The Africar project set out to provide vehicles able to cope well with the rough terrain of Africa but were cheap enough to be bought widely in Africa.
They were initially to have Citroën engines and drivetrains, until such time as Africar's own engine and drive train was fully developed. The bodywork was to be made of epoxy-coated wood - the 'West' system used in the construction of some yachts - which could be repaired with locally-available labour and materials. The wood for building the cars was to be obtained from sustainably-managed forests. It was also envisaged that a series of small factories could be installed anywhere in the world and that these would be viable with a much lower output of units/annum than is the case with 'normal' car factories.
A company, Africar International Limited, was set up in 1986 to make and sell the vehicles. Based in Lancaster, England, it intended to offer a variety of vehicles, ranging from a four wheel drive car to an eight wheel drive panel truck. There was considerable interest in the vehicles and their potential, both from firms who saw the commercial possibilities of the project, and from users who appreciated the vehicles' capabilities.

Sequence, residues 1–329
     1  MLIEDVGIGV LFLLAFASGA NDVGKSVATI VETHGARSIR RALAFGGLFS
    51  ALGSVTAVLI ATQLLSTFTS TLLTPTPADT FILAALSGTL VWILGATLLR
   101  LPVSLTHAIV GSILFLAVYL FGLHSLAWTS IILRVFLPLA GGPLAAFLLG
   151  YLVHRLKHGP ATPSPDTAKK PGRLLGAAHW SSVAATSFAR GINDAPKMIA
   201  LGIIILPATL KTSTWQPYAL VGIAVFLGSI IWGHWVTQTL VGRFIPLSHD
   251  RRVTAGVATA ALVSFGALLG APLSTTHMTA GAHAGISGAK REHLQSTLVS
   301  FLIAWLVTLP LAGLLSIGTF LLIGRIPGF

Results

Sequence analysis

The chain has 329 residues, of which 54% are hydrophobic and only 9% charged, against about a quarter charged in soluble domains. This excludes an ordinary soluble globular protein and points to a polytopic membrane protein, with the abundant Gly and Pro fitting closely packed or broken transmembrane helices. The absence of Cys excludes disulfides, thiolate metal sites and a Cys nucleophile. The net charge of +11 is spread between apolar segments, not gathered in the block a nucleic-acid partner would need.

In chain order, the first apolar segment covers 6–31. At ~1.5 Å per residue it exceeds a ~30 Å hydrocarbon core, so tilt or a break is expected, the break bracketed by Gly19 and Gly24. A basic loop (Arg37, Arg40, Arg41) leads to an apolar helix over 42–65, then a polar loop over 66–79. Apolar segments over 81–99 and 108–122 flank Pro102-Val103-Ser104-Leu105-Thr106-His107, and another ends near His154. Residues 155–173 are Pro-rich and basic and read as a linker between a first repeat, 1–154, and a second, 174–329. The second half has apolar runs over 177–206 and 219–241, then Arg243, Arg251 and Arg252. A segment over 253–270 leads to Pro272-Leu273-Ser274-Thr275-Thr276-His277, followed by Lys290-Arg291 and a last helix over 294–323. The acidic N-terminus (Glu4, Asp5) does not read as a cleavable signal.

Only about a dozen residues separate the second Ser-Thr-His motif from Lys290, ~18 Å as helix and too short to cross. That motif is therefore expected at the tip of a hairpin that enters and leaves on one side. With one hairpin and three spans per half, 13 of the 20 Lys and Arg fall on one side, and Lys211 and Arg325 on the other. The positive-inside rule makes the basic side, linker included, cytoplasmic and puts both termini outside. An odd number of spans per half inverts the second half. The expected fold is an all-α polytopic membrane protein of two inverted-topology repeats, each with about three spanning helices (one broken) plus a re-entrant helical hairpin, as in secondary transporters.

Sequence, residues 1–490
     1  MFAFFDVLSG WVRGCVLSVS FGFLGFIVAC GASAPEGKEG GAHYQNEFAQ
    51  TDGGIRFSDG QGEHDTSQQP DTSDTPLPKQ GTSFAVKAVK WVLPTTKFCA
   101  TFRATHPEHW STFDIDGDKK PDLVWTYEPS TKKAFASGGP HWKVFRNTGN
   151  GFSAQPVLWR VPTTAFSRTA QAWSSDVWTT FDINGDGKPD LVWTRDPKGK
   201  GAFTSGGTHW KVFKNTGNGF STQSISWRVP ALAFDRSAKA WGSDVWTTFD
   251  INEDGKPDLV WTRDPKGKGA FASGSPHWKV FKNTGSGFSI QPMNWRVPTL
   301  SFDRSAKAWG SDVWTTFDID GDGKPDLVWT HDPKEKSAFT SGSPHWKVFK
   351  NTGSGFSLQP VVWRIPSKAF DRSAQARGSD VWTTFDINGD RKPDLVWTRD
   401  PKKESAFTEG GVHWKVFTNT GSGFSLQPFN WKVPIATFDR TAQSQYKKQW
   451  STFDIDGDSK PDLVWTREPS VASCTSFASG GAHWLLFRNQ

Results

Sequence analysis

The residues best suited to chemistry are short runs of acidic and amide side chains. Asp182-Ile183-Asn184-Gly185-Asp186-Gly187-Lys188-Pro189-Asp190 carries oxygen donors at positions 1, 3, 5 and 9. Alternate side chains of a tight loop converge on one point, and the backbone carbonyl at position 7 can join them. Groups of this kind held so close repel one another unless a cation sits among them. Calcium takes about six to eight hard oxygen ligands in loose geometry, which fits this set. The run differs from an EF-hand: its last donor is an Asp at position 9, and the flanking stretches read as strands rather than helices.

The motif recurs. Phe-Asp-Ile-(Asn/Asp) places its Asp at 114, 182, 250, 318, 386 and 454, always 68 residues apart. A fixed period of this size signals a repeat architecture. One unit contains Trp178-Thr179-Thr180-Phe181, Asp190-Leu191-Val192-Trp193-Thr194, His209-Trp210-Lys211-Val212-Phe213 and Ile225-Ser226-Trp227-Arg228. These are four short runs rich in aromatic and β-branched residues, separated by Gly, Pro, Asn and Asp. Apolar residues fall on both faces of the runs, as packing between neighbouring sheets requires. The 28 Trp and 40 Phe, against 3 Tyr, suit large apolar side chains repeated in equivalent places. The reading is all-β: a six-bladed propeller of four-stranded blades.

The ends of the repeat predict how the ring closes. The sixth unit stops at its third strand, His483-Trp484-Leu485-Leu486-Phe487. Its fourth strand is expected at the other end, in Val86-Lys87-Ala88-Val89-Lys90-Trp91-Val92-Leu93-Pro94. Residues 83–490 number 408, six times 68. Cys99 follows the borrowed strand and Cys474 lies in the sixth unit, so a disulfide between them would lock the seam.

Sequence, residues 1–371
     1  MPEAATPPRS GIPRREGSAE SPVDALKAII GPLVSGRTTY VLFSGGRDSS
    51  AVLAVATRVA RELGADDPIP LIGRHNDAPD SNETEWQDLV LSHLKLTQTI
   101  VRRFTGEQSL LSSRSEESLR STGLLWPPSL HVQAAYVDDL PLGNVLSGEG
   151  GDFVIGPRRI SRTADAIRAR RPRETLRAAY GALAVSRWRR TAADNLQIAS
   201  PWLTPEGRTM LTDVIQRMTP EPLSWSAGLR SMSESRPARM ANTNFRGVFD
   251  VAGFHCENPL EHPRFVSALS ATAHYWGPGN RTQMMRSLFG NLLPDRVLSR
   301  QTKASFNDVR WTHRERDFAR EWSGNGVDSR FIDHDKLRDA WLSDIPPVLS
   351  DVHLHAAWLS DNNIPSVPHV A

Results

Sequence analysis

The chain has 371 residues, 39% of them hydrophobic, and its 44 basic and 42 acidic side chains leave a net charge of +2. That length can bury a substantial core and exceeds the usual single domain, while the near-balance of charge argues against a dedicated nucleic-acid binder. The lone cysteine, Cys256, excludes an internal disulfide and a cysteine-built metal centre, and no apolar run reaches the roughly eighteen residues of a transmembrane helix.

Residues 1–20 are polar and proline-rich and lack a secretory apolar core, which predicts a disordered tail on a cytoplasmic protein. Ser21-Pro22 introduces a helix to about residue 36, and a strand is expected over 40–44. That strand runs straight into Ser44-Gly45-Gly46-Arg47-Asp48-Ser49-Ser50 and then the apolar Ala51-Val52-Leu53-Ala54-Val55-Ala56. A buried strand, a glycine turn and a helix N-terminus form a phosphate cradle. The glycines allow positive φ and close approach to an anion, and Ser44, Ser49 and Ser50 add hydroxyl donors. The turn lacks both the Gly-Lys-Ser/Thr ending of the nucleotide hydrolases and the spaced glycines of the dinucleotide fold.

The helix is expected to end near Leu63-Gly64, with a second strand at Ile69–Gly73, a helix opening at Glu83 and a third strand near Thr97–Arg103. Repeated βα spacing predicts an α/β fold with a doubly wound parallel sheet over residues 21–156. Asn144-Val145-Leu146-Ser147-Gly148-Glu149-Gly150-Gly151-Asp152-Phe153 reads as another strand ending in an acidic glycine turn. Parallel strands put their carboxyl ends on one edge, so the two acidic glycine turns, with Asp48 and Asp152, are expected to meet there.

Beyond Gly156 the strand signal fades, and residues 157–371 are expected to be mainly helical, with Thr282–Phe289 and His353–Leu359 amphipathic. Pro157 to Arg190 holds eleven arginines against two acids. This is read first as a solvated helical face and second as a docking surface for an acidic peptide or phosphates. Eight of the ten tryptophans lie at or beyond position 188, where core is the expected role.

Three versions were actually completed, an estate car, a pick up and a six wheeler and these were tested in 1984 on an expedition from the Arctic Circle in Norway to the equator. A Channel 4 television programme was made of this. There was also a book, entitled "Africar" to accompany the series.
The project foundered because of financial difficulties, and in July 1988 the company ceased trading.
The car was never properly tested by market forces but interest, even in the UK, demonstrated that it was an attractive, capable vehicle.
The company's founder and sometime owner, Tony Howarth, was arrested in 1994 and charged with fraudulent trading and obtaining property by deception. He pleaded guilty and was sentenced to 15 months' imprisonment. The project briefly resurfaced as the Bedouin.